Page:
Sept. 20, 2014 SIGN IN | REGISTER
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Washington Is Chasing a Ghost on Internet Tax Revenue | Commentary

In 1998, Congress passed the Internet Tax Freedom Act, which placed a three-year moratorium on new Internet taxes. In April of 2000, I was proud to serve as chairman of the Advisory Commission on Electronic Commerce. Created by Congress, the commission was established to develop recommendations that would help further economic growth in the digital age. In our report to Congress, a majority of commissioners recommended that Congress maintain the moratorium on new Internet taxes. This week, unfortunately, the Senate reversed course. This is unfortunate because, while much has changed in the 13 years since we made our initial report to Congress, the recommendation to keep the Internet tax free is as relevant today as it was then.

Technically there is no such thing as an “Internet sales tax.” There are only sales taxes and the manner in which they are collected. A vote for the Marketplace Fairness Act was a vote to impose a national sales tax collection mandate on Internet sellers. A vote for the Market Place Fairness Act was a vote to allow tax collection beyond state borders, even when a business maintains no physical presence in a particular state. This is a radical departure from existing tax law. Empowering states to collect sales taxes on transactions that take place outside their borders is a significant expansion of current state taxing authority that is fundamentally unfair and should be opposed for that reason alone.

In 2012, according to the U.S. Census Bureau, online retail sales were $225 billion — a number that still represents only 6 percent of total retail sales. Of that $225 billion, big-box retailers accounted for more than 83 percent of those sales. These are companies such as Wal-Mart, Best Buy and Amazon — some of the most recognizable names in commerce. These online companies have brick-and-mortar stores in many or all states, and as a result they are currently required to collect sales taxes in those states. Were those sales to remain untaxed as proponents claim, that could certainly represent a problem for state and local coffers. The fact is, however, that the majority of Internet sales are being taxed, which is precisely why the Marketplace Fairness Act is a solution in search of a problem that does not exist.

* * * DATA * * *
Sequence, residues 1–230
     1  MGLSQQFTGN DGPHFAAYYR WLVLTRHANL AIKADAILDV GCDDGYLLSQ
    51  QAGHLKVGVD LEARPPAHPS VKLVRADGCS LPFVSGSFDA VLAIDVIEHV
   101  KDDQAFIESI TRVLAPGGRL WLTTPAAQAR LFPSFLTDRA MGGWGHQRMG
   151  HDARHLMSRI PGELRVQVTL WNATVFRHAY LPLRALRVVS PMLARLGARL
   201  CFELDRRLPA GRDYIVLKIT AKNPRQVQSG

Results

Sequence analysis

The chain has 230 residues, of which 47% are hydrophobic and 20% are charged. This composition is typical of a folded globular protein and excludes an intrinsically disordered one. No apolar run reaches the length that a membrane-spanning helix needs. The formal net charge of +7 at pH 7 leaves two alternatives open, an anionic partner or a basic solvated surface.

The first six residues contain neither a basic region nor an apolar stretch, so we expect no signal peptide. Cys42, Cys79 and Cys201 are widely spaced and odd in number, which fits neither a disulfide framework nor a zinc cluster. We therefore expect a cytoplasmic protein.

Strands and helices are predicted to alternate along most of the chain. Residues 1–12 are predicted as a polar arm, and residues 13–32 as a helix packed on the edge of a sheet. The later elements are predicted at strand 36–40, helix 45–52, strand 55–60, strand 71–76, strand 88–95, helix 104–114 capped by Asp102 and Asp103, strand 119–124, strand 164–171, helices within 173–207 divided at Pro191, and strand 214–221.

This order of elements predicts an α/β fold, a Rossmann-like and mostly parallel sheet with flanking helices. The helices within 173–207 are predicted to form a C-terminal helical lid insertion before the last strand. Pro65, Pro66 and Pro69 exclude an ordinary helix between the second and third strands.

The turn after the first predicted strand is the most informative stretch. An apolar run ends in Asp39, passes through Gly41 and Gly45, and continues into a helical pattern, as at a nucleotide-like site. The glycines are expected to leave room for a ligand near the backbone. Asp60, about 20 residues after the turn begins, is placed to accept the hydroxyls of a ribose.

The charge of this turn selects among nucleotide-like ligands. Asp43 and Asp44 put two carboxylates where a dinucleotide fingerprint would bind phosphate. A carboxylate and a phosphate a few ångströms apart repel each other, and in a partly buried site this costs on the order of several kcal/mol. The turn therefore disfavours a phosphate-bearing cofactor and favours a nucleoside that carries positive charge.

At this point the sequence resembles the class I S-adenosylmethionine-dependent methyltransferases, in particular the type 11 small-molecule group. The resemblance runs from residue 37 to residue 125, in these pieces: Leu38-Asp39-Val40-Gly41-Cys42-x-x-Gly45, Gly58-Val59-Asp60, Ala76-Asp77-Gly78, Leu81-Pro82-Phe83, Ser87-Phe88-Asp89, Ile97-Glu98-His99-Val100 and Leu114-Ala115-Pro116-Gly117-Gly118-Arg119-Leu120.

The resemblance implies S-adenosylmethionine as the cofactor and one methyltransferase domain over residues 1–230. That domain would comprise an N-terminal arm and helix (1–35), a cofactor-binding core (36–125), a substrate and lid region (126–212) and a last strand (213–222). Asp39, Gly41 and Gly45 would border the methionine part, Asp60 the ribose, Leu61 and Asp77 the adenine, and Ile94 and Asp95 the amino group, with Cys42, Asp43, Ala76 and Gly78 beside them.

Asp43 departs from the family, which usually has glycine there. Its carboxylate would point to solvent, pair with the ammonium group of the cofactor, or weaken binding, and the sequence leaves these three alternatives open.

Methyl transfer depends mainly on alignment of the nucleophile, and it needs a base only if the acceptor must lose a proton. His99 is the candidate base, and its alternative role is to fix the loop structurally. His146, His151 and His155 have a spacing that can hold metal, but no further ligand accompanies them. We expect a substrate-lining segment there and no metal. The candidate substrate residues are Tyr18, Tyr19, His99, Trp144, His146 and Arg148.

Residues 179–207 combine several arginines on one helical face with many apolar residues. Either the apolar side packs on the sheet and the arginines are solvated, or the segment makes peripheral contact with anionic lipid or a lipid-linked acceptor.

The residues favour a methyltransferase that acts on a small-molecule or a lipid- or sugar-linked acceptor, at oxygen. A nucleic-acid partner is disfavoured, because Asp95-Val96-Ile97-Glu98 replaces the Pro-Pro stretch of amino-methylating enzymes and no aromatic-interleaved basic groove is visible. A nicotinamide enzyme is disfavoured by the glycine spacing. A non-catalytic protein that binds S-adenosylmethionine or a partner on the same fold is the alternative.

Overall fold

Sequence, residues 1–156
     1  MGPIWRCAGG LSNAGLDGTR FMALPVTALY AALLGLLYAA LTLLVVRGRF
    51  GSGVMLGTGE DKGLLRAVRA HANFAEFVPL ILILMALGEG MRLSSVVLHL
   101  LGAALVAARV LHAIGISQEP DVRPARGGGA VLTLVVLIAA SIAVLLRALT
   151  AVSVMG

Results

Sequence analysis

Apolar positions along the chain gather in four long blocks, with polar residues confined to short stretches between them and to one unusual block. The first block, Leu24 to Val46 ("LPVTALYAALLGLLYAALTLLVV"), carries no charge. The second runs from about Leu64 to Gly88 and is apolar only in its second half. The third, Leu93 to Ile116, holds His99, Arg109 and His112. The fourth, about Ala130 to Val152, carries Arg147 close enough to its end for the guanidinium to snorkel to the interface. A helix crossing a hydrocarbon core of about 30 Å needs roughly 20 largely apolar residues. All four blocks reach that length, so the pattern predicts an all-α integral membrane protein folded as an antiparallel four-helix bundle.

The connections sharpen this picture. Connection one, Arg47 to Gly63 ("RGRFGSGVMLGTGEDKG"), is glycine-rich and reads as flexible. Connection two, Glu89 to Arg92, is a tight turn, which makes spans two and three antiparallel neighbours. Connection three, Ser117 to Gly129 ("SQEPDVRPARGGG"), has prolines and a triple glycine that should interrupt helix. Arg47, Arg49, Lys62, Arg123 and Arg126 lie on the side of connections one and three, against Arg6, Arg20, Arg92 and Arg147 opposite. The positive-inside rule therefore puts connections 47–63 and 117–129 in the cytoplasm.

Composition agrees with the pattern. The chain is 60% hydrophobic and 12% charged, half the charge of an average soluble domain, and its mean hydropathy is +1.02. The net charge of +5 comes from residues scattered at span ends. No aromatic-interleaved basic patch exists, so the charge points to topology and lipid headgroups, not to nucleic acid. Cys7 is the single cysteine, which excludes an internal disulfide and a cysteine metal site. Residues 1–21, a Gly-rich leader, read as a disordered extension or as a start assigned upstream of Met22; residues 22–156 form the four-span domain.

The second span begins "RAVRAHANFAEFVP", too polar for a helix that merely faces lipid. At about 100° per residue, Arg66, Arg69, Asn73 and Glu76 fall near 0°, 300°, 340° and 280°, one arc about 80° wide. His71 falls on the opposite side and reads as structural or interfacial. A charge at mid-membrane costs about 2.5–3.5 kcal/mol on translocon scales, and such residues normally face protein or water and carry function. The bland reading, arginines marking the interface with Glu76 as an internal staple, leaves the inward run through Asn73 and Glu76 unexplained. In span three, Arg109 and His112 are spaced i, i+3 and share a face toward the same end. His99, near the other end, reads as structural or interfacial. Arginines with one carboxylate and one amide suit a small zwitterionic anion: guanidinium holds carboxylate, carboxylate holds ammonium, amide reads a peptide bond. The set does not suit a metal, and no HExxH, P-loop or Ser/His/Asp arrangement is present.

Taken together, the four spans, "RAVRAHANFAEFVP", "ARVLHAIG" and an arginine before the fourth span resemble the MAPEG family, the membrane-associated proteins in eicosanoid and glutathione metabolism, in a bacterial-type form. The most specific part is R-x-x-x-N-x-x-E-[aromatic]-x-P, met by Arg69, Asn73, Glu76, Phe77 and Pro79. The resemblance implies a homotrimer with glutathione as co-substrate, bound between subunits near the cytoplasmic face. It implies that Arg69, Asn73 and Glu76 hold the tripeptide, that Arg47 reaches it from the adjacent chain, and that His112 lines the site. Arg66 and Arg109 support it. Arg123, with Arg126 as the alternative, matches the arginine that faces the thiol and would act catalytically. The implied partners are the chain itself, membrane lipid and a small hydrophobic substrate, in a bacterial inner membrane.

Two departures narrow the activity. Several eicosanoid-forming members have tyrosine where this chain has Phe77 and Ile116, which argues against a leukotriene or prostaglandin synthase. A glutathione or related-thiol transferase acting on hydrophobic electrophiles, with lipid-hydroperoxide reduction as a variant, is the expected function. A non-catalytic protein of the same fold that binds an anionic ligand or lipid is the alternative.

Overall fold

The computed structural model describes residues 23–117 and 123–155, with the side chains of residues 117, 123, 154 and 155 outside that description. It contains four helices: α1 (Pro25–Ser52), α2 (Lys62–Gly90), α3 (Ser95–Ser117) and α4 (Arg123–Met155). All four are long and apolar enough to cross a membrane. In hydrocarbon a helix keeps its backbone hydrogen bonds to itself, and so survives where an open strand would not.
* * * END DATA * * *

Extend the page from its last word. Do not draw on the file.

The Internet still represents a global tool of empowerment for citizens, consumers and entrepreneurs. While the manner in which consumers engage in commerce online continues to evolve, our existing sales tax law remains remarkably durable. In 1999, Amazon was essentially an Internet-only retailer with the exception of one or two distribution facilities that triggered sales taxes in those states. For state and local government officials, that represented a frightening harbinger of the future of retail in which all commerce would migrate online and outside their taxing jurisdiction. Today, Amazon has a physical presence in almost 20 states. The dire warnings about the future of commerce have not come to pass.

Thirteen years ago, the economy was booming and the Internet was in its infancy. Young, innovative online companies were emerging almost daily with only the potential to disrupt traditional brick-and-mortar retail sales, threatening the sales tax base on which state and local governments have come to depend. Local governments sounded the alarm: In 15 years, we were told, online sales would represent a majority of all retail sales and the resulting collapse of the state sales tax base would be catastrophic for state and local budgets. Those predictions have proved to be false. Unfortunately, the Marketplace Fairness Act is still based on those false assumptions.

When the Internet is 50 years old, hopefully there will still be innovators and entrepreneurs using it to grow into big, global companies. If the Marketplace Fairness Act becomes law, we will come to regret severely disadvantaging emerging companies with this legislation. In the 15 years that Congress has been debating this issue, the real world has passed it by. As small companies grow and seek a competitive advantage, they will find new ways to provide value and service to customers. When they do, they will build physical stores or add distribution centers for faster delivery. In doing so, they voluntarily avail themselves of the services and the taxing authority in those states without the need for congressional intervention. Congress has not kept pace with this evolution. The Marketplace Fairness Act is neither fair nor does it reflect the reality of markets. Despite Senate passage, the House should continue to oppose this unnecessary and burdensome legislation.

James S. Gilmore III was the 68th governor of Virginia, from 1998 to 2002. He currently serves as president of Gilmore Global Group LLC, a boutique consulting firm.

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